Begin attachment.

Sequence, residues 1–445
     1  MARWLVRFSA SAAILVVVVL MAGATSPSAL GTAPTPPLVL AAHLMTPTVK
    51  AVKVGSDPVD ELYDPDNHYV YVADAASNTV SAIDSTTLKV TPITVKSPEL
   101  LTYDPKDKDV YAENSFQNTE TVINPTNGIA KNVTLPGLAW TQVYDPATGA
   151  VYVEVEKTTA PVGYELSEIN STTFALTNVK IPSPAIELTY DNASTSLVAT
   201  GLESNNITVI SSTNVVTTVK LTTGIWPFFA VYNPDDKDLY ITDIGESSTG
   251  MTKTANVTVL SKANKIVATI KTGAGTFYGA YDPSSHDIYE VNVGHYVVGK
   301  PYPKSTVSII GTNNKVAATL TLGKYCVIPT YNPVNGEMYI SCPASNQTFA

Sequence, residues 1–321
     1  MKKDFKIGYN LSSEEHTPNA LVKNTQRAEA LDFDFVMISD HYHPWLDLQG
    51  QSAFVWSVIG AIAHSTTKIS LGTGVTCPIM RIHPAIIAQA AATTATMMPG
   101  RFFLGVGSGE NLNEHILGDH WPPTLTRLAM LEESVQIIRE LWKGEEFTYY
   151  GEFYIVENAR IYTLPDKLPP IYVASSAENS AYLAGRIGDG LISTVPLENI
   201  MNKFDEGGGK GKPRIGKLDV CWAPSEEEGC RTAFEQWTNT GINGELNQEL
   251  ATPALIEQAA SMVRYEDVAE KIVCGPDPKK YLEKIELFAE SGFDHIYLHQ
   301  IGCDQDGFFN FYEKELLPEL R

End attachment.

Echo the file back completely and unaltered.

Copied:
Sequence, residues 1–445
     1  MARWLVRFSA SAAILVVVVL MAGATSPSAL GTAPTPPLVL AAHLMTPTVK
    51  AVKVGSDPVD ELYDPDNHYV YVADAASNTV SAIDSTTLKV TPITVKSPEL
   101  LTYDPKDKDV YAENSFQNTE TVINPTNGIA KNVTLPGLAW TQVYDPATGA
   151  VYVEVEKTTA PVGYELSEIN STTFALTNVK IPSPAIELTY DNASTSLVAT
   201  GLESNNITVI SSTNVVTTVK LTTGIWPFFA VYNPDDKDLY ITDIGESSTG
   251  MTKTANVTVL SKANKIVATI KTGAGTFYGA YDPSSHDIYE VNVGHYVVGK
   301  PYPKSTVSII GTNNKVAATL TLGKYCVIPT YNPVNGEMYI SCPASNQTFA

Sequence, residues 1–321
     1  MKKDFKIGYN LSSEEHTPNA LVKNTQRAEA LDFDFVMISD HYHPWLDLQG
    51  QSAFVWSVIG AIAHSTTKIS LGTGVTCPIM RIHPAIIAQA AATTATMMPG
   101  RFFLGVGSGE NLNEHILGDH WPPTLTRLAM LEESVQIIRE LWKGEEFTYY
   151  GEFYIVENAR IYTLPDKLPP IYVASSAENS AYLAGRIGDG LISTVPLENI
   201  MNKFDEGGGK GKPRIGKLDV CWAPSEEEGC RTAFEQWTNT GINGELNQEL
   251  ATPALIEQAA SMVRYEDVAE KIVCGPDPKK YLEKIELFAE SGFDHIYLHQ
   301  IGCDQDGFFN FYEKELLPEL R